Lighting : LIGHTING-February-2017
18 LIGHTING MAGAZINE | February/March 2017 February/March 2017 | LIGHTING MAGAZINE 19 The types of emergency lights commonly used in Australia include white discs with a small LED indicator, flood lights, battens or circular lights. Battens and circular lights often come with different features allowing them to be used as both emergency lights and everyday fittings. As essential life safety devices, emergency lighting and exit signs are mandatory requirements under the National Construction Code of Australia (NCC) and there are legislative requirements to do with where and how they are installed. The NCC is published by the Australian Building Codes Board. According to the NCC, if the exit from any room does not open into a space with adequate natural light (in the event of a power failure) then emergency lighting and exit signs must be installed. Due to the complexity of the requirements, and the different ways they can be interpreted, building owners often engage consultants or emergency lighting manufacturers to specify the use of emergency lights and exit signs in their projects. Owen Manley, who is the Standards and Regulations Manager at Lighting Council Australia (LCA – the peak body representing Australia’s lighting industry), says the regulations vary a little from state to state, but Queensland has the most stringent. “This is probably because they’ve had a few serious situations like the Childers Palace Backpackers Hostel fire which killed 15 people in 2000,” he says. Notwithstanding that terrible incident, Manley believes that Australian emergency and exit lighting requirements have served us well since AS2293 was first introduced in 1979 as there have been very few large entrapments of people in buildings. But with the advent of the global age and new technologies hitting the market all the time, he says the time has come for a complete rethink. “AS2293 is currently undergoing a major review and I would say technology has, in many ways, forced the issue,” says Manley. “The past technology scenario implied that a lamp might need to be checked and replaced every six months but the increasingly-used LED technology has a much longer life span, so we need to change the Standard to reflect this.” Another new technology drawing attention across the industry is the introduction of photoluminescence (PL) ‘glow in the dark’ signs. In 2014, the NCC implemented an allowance to have PL signs allowed in buildings in Australia, but there are currently no luminaire or maintenance requirements in the Standard and considerable confusion amongst electricians, building owners and building managers as to how PL may be used. “This is another issue being addressed in the new edition of the Standard,” Manley continues. Manley is actively involved in the AS2293 review project, which is also set to become a joint Australia and New Zealand Standard. He convenes the committee responsible for overhauling Part 2 which relates to inspection and maintenance. The other sections under review by different committees are Part 1 which relates to installation and Part 3 which relates to luminaire requirements. He says the Standard has already been out to public comment so the task for his working group is to sift through the comments, agree on resolutions and make changes. “The new edition is due for publication in the second quarter of 2017,” he says. In 2012, a report was commissioned by the Standards Australia committee responsible for Emergency Lighting in Buildings (LG-007) and funded by LCA. In the report, the author, Dr Gordon Watson, identified and explored several Standards, mainly from Europe, that dealt with wayfinding systems and low- level direction finding in smoke-filled environments. Based on this analysis and his own research, Dr Watson (who did his PhD on emergency and evacuation lighting for the aged) made several recommendations. This single or double sided exit Ultrablade exit sign has a low 3.5 Watt power consumption and is available with a 100,000 hour LED. Low-profile housing means only 110mm of ceiling space is required for installation. Image supplied by Clevertronics. The Argonaut PRO batten is a weatherproof LED batten that is available in various sizes and lumen output. Applications include underground car parks, warehouses and stairwells. Image supplied by Clevertronics. The Cleverfit PRO caters for both single-sided and double-sided needs, has a low 3.3 Watt power consumption and can last for up to 100,000 hours. Image supplied by Clevertronics. The Lifelight PRO is a high-powered D50 classification emergency light in a small recessed housing. Image supplied by Clevertronics. According to the NCC, if the exit from any room does not open into a space with adequate natural light (in the event of a power failure) then emergency lighting and exit signs must be installed. As essential life safety devices, emergency lighting and exit signs are mandatory requirements under the National Construction Code of Australia (NCC) and there are legislative requirements to do with where and how they are installed.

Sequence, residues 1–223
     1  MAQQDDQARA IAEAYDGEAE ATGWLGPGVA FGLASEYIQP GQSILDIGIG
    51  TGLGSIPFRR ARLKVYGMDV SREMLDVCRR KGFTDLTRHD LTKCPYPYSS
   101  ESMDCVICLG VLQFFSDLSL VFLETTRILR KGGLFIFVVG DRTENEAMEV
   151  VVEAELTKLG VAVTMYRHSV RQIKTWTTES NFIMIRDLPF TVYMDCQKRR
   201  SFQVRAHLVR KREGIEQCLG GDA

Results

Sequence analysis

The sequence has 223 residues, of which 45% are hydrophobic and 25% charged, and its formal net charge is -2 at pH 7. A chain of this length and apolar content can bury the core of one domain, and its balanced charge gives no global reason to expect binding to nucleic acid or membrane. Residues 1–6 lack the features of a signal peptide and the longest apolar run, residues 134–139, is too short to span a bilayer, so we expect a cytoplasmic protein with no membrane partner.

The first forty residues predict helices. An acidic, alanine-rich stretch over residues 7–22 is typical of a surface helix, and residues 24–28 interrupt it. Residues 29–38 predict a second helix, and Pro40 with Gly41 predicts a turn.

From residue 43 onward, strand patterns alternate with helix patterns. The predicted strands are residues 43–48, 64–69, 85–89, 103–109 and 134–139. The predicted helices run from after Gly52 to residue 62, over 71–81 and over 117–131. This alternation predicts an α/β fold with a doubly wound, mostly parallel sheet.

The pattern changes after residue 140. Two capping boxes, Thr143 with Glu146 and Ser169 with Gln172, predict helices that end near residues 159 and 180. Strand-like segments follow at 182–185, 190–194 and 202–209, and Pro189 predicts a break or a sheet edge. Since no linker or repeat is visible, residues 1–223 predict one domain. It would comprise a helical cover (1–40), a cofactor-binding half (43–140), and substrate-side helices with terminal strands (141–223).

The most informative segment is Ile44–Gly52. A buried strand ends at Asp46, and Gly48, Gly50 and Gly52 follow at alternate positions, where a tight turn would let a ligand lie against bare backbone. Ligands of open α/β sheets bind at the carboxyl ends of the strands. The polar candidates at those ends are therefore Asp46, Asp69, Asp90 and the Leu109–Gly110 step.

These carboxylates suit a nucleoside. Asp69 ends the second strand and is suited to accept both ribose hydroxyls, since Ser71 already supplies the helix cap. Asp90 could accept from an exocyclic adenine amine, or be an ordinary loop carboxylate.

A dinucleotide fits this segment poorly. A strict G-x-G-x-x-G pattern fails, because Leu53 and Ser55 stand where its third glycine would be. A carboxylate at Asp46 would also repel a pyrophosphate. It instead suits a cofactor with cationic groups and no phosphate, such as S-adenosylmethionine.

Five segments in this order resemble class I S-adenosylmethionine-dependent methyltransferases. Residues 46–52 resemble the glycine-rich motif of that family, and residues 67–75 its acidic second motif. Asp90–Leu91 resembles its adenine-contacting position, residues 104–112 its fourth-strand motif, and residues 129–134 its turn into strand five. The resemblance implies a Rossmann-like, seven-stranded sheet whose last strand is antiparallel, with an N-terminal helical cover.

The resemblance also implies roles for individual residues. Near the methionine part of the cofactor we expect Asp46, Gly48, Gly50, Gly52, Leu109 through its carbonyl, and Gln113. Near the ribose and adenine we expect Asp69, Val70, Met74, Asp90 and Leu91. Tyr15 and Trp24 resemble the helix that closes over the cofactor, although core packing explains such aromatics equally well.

Lighting December 2016